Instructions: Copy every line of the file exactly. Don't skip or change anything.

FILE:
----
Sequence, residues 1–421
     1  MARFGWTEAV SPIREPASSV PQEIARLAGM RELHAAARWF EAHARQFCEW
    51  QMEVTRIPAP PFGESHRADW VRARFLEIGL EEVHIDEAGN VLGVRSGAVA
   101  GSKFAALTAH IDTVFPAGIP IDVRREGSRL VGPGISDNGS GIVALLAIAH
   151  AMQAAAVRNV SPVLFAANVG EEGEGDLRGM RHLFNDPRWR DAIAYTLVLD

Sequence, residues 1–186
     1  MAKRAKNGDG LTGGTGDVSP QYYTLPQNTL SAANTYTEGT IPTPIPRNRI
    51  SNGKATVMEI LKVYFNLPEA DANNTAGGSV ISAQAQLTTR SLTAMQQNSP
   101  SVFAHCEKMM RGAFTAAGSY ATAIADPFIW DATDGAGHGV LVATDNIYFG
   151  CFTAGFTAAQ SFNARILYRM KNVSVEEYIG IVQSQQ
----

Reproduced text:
Sequence, residues 1–421
     1  MARFGWTEAV SPIREPASSV PQEIARLAGM RELHAAARWF EAHARQFCEW
    51  QMEVTRIPAP PFGESHRADW VRARFLEIGL EEVHIDEAGN VLGVRSGAVA
   101  GSKFAALTAH IDTVFPAGIP IDVRREGSRL VGPGISDNGS GIVALLAIAH
   151  AMQAAAVRNV SPVLFAANVG EEGEGDLRGM RHLFNDPRWR DAIAYTLVLD

Sequence, residues 1–186
     1  MAKRAKNGDG LTGGTGDVSP QYYTLPQNTL SAANTYTEGT IPTPIPRNRI
    51  SNGKATVMEI LKVYFNLPEA DANNTAGGSV ISAQAQLTTR SLTAMQQNSP
   101  SVFAHCEKMM RGAFTAAGSY ATAIADPFIW DATDGAGHGV LVATDNIYFG
   151  CFTAGFTAAQ SFNARILYRM KNVSVEEYIG IVQSQQ